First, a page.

§ 84. In the chapter upon “brood” (36) we have spoken of the flight of the young
bees, as somewhat resembling the actions of robber bees. It is now time to
mention this danger.
During times of scarcity, if you see bees flying about the corners of the hives
or around the entrances with a quick, hurried motion, acting as if always afraid
of being pounced upon by others, you may be certain that they are robber bees.
These are not a special kind of bees, for in times of scarcity all bees may
become robbers if any inducement is given tot his trait of their nature which
prompts them to hunt for food wherever it may be had and to take it away from
weaker bees or colonies wherever they find them. The sneaking guilty manners of
the robber always point it out. However, should one colony succeed in
overpowering another, they soon consider the prize their own and lose the guilty
look, but their hurried actions and sleek, shiny appearance always cause them to
be easily detected.
§ 85. If all the colonies are kept strong there is no danger of robbing. It is
only the weak ones that are robbed. Working with bees at unseasonable times,
leaving honey exposed in the apiary, etc. induces robbing. Colonies of black
bees and queenless hives or nuclei (107) are usually the sufferers. Contracting
the entrance, so that but a single bee can pass, is usually a cure for robbing.
In times of scarcity of honey, the apiarist should be careful not to keep a hive
open long, or robbing may be the result. All strong colonies maintain sentinels
at the entrance in times of scarcity. Those of that colony are allowed to pass,
but strangers are “arrested on the spot”. If a colony is unable to defend
itself, close up the entrance and remove it to the cellar, or some other
convenient place, for a few days, and when it is returned to the old stand,
contract the entrance to allow only one bee to pass at a time.
Another very good method, when robbing has just begun, is to throw a bunch of
loose grass over the entrance. The hive-guards station themselves in that grass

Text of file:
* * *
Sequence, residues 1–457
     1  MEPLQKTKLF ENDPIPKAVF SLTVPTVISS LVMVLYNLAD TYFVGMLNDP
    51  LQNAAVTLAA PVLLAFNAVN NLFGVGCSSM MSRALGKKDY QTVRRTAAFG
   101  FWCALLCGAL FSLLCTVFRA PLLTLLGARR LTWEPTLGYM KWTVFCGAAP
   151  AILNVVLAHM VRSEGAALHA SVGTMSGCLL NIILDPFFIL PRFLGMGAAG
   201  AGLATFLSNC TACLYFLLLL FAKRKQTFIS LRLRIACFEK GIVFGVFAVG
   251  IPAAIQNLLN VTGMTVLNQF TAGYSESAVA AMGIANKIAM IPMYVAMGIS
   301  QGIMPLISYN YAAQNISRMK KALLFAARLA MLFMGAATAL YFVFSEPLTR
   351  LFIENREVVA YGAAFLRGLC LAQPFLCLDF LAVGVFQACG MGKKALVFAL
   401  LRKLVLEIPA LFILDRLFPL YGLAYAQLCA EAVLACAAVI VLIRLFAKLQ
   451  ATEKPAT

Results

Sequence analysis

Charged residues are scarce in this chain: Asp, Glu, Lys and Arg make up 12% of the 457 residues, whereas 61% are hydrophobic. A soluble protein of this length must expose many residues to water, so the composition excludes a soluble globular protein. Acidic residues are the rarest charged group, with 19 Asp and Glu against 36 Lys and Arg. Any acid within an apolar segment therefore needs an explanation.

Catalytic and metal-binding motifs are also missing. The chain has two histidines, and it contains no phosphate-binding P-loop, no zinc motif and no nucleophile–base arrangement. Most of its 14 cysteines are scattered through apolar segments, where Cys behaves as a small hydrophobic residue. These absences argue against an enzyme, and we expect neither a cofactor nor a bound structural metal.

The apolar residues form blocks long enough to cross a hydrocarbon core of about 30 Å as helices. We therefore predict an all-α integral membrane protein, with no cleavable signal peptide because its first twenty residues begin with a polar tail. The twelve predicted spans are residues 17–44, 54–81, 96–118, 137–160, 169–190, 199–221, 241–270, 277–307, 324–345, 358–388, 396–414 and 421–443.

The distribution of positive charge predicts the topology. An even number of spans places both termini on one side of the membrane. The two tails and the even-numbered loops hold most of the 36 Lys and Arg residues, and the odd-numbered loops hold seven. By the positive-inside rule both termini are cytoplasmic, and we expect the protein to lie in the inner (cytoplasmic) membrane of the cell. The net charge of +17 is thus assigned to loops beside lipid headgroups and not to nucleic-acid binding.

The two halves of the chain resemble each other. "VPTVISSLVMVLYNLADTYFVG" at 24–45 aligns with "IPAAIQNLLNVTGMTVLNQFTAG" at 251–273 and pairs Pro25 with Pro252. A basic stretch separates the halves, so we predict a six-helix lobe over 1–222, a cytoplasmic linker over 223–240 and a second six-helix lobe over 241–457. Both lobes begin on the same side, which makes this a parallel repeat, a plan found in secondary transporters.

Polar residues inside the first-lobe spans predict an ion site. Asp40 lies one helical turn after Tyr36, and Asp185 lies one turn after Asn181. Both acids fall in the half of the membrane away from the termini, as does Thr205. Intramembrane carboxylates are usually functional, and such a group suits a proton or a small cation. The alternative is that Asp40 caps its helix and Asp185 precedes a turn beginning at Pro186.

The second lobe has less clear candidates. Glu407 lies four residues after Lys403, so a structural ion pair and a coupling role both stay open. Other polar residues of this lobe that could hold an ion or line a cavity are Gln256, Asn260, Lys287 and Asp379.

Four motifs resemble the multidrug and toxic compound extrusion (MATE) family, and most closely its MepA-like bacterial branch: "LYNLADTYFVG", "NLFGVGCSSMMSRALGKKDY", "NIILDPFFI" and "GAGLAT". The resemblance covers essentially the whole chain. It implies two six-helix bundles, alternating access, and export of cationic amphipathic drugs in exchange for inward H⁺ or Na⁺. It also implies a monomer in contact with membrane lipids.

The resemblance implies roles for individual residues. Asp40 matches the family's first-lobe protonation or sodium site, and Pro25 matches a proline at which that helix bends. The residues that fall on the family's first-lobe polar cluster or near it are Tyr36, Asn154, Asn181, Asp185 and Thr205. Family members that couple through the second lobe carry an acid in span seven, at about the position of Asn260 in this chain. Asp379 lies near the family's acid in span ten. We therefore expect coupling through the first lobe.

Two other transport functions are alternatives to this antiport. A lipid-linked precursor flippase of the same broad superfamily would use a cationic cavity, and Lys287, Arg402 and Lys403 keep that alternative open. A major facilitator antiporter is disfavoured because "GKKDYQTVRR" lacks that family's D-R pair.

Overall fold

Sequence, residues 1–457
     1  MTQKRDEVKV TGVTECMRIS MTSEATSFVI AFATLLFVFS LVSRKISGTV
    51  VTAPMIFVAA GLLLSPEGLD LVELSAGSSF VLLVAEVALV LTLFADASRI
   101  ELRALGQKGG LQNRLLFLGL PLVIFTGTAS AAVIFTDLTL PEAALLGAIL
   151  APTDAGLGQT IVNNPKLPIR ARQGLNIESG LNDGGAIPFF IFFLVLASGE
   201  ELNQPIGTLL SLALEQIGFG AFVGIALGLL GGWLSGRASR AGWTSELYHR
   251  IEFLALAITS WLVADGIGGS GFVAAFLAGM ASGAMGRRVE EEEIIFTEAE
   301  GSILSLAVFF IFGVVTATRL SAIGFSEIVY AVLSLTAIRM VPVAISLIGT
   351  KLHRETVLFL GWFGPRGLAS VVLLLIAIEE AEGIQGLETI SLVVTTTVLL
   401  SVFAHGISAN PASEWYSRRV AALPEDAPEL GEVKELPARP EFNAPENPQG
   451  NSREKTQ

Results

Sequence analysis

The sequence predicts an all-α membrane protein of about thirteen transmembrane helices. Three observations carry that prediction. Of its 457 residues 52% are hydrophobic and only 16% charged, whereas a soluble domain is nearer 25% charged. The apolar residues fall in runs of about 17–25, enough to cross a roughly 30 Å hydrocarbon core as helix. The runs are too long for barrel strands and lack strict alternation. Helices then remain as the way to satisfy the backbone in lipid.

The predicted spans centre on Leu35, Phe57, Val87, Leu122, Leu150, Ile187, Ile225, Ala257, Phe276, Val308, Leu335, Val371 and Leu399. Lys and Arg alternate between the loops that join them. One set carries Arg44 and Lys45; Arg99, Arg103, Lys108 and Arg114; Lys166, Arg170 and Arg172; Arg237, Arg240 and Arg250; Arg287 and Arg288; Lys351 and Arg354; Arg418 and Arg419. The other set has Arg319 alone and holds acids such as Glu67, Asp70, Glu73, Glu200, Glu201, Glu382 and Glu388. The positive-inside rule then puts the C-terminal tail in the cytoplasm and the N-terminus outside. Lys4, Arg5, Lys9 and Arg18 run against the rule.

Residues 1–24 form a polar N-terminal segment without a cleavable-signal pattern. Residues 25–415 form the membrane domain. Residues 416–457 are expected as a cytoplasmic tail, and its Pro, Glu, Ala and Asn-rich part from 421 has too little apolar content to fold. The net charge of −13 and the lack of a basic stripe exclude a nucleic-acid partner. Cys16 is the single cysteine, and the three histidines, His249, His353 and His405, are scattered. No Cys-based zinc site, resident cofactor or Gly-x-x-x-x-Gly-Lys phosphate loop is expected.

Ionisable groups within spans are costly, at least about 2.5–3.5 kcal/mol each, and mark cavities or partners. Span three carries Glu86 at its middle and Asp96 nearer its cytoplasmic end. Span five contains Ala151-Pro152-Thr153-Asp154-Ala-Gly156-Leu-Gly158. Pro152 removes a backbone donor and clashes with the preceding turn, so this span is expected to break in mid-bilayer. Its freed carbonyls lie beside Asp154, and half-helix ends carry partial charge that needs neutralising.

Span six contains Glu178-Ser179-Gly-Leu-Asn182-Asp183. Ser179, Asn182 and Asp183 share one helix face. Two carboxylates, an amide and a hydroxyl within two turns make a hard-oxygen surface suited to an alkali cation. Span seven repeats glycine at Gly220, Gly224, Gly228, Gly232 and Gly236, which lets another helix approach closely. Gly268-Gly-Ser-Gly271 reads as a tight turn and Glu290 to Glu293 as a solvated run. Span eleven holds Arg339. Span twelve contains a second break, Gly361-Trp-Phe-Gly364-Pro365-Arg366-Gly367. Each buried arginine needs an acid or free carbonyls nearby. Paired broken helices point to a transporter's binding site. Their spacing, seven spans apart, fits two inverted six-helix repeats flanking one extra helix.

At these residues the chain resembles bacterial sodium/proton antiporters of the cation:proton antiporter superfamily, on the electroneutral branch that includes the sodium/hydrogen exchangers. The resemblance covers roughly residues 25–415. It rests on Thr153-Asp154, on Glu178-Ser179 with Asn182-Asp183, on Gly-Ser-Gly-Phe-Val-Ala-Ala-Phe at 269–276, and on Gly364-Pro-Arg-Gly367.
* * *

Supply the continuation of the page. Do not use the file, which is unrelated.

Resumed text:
and arrest the robbers that are bold enough to try to enter. But this method is
unavailable after the bees have once given up to robbers. In that case, if the
colony is worth saving, the only salvation is to find the robbing colony by
sprinkling a few of the robbers with flour and exchanging one hive for the
other, placing the robbed colony on the stand of the robber, and vice-versa. The
behavior of the bees in such case is quite ludicrous, as they find themselves
fooled by the exchange. Such means should be resorted to only in extreme cases.
§ 86. The best way to avoid robbing is to leave no honey exposed in unprotected
We have said that it is only the weak colonies that are robbed. There are
exceptions, however, and in accidental instances we have seen very populous
colonies overpowered. The breaking down of combs of honey from excessive heat
(64) or the injudicious exposing of their stores by the apiarist in times of
scarcity may induce this.
§ 87. The sudden robbing of a colony through accident is often indicated to the
experienced apiarist without even having to go to the apiary, as the bees become
so excited by the mutual information which seems to spread like wild fire, that
some plunder is to be had that they fly about the apiary and about the house
yard with great diligence and this flight does not at all resemble the quiet hum
of field workers going back and forth to the honey harvest.